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December 16, 2015updated 19 Sep 2022 12:46pm

Bancassurance drives growth in Thailand and Malaysia

Bancassurance’s expansion is a key trend across the Thai and Malaysian life insurance markets, according to research from Timetric’s Insurance Intelligence Center (IIC). Looking forward to 2018, the IIC forecasts both life markets in Southeast Asia will grow significantly driven by rising life expectancy and tax benefits. The launch of the ASEAN Economic Community (AEC) is also a major boost.

By Ronan Mccaughey

Bancassurance’s expansion is a key trend across the Thai and Malaysian life insurance markets, according to research from Timetric’s Insurance Intelligence Center (IIC). Looking forward to 2018, the IIC forecasts both life markets in Southeast Asia will grow significantly driven by rising life expectancy and tax benefits. The launch of the ASEAN Economic Community (AEC) is also a major boost.

Thailand’s life segment’s gross written premium valued THB380.1bn ($10.6bn) in 2013 and is expected to rise to THB627.1bn in 2018, according to the Timetric report, Life Insurance in Thailand, Key Trends and Opportunities to 2018, which is available at the IIC.

The IIC says key factors expected to drive growth in Thailand’s life sector include: – Rising life expectancy – Tax benefits to propel growth in life insurance – GDP growth to increase demand for life insurance

Rising life expectancy: Life expectancy in Thailand increased from 73.1 years in 2009 to 74.1 years in 2013. Rising life expectancy is expected to drive demand for life products such as pensions and annuities over the forecast period.

Tax benefits to propel growth in life insurance: Thailand’s tax rules supported life insurance’s growth during the review period. Investing in life products entitles individuals to tax exemptions under various sections of the Thai government’s Income Tax Act. Policyholders qualify for tax deductions on amounts invested in a regular life insurance policy with a premium of up to THB100,000 and on a pension life policy with a premium of up to THB20,000.

Both policies should be contributed to for at least five years, with a 10-year cover period. However, the total tax deduction cannot exceed 15% of the policyholder’s annual assessable income. Tax provisions such as this are projected to encourage people to invest in life products.

GDP growth to increase demand for life insurance: Thailand’s GDP at current prices increased from US$263.7bn in 2009 to US$387.4bn in 2013. In 2011, the World Bank upgraded Thailand’s income categorization from a lower-middle-income to an upper-middle-income economy, due mainly to low inflation and falling public debt.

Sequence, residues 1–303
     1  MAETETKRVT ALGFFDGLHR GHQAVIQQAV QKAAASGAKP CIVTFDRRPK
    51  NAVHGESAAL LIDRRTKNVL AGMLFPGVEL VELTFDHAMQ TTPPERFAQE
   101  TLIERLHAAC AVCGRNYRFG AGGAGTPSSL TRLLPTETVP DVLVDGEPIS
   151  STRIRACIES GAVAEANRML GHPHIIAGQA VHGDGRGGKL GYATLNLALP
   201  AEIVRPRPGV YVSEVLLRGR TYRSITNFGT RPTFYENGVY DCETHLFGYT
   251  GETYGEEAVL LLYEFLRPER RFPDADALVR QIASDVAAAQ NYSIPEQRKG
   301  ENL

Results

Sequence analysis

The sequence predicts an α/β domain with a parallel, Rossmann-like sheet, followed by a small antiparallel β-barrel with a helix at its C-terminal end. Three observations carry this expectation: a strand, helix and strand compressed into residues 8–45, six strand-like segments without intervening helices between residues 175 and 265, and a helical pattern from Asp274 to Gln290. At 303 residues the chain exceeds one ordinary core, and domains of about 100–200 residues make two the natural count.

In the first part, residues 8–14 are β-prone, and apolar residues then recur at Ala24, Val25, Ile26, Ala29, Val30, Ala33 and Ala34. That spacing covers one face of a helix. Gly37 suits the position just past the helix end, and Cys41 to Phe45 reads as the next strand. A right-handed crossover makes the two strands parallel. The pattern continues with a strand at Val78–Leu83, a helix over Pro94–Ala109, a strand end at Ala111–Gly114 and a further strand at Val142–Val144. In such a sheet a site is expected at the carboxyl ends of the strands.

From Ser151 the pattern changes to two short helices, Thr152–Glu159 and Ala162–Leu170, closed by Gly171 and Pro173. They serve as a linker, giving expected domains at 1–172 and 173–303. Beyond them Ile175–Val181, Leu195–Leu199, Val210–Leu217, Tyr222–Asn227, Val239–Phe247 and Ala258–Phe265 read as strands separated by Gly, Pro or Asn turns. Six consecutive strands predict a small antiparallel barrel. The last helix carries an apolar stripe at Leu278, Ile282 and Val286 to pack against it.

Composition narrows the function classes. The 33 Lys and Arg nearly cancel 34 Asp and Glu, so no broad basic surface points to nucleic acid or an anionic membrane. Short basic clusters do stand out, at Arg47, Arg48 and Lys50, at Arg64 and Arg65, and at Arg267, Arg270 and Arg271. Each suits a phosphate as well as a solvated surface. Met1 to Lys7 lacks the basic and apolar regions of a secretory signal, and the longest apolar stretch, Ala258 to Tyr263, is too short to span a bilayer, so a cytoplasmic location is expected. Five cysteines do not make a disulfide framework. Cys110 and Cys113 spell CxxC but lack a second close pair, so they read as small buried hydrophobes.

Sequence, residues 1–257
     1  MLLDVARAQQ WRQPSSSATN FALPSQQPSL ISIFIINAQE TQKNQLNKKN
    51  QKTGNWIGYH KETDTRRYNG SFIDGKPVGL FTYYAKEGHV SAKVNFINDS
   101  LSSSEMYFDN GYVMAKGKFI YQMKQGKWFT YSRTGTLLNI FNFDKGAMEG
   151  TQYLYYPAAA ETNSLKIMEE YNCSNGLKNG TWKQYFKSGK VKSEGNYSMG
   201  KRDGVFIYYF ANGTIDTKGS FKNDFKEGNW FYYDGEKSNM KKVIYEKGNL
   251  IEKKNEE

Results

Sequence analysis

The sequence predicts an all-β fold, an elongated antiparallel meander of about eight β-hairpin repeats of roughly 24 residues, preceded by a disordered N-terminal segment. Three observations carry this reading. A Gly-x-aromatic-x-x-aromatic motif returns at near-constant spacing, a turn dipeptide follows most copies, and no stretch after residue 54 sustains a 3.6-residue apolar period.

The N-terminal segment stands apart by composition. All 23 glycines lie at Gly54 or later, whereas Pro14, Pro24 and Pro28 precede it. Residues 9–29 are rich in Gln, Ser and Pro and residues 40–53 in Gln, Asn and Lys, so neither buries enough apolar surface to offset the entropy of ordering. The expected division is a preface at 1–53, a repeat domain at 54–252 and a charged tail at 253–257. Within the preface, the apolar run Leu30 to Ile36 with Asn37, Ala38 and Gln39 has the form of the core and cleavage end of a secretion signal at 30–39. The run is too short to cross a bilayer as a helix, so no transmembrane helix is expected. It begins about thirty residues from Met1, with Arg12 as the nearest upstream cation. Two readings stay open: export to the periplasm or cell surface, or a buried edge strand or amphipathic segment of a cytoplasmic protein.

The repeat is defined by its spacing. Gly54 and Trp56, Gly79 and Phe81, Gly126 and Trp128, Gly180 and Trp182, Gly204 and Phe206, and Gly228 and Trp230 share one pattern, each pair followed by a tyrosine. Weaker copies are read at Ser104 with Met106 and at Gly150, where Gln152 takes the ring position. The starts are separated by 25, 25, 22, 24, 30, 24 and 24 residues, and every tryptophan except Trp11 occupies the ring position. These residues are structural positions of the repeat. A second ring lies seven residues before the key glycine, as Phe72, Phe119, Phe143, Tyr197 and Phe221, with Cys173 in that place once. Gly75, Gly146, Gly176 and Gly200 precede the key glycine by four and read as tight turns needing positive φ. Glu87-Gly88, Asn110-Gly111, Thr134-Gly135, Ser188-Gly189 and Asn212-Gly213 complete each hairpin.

Thailand’s unemployment level also fell, from 1.5% in 2009 to 0.8% in 2013, increasing consumer purchasing power and benefiting life insurers. The rise in national disposable income to THB7.18trn in 2013 is expected to drive growth in life insurance over the forecast period.

Fitch report on Thailand

A report published by Fitch Ratings on 30 November 2015 concurs with the IIC’s findings and says rising demand for insurance protection from an ageing population and increasing household wealth will support insurance premium growth in Thailand.

The Fitch report said favourable demographics and tax reduction benefits, supported by solid distribution platform, are supportive of solid growth for life insurers.

It added that an expanding middle- to high-income segment of the population is also likely to stimulate more demand in endowment and wealth-protection products. At the same time, rising life expectancy will spur growth in health and medical insurance premiums.

Key trends

The IIC report highlights several key trends expected to shape Thailand’s life insurance sector over the coming years. These include:

– Acquisitions and buyouts – Insurers using bancassurance agreements to expand distribution networks – Launch of innovative products – Surge in demand for unit-linked products – Formation of the AEC in 2015 to promote the Thai insurance industry

In terms of bancassurance, the IIC report says there was a rise in bancassurance agreements during 2009-2013 as life insurers aimed to expand their distribution networks.

In 2013, AIA Group Ltd signed a bancassurance deal with Citibank NA to distribute retail and group life products in Thailand and 10 other countries in the Asia-Pacific region through the bank’s branch network. In the same year, FWD Life signed a bancassurance partnership with TMB Bank and Krungthai Bank.

In July 2014, Standard Chartered Bank (Thai) Public Company Ltd extended its 15-year bancassurance partnership with life insurer Prudential Life Assurance (Thailand) Public Company Ltd. The new business gross written premium generated through bancassurance in the Thai life segment increased from THB16.8bn in 2009 to THB31.9bn in 2013.

Launch of AEC

The AEC was proclaimed a Community through a declaration signed by The Association of Southeast Asian Nations (ASEAN) Leaders at their 27th Summit in Kuala Lumpur on 22 November 2015.

Among AEC’s aims is a well-integrated and connected economy within the global economic system.

ASEAN’s member states include Indonesia, Malaysia, the Philippines, Thailand, Singapore, Brunei Darussalam, Lao PDR , Myanmar, Cambodia and Vietnam.

Malaysian country focus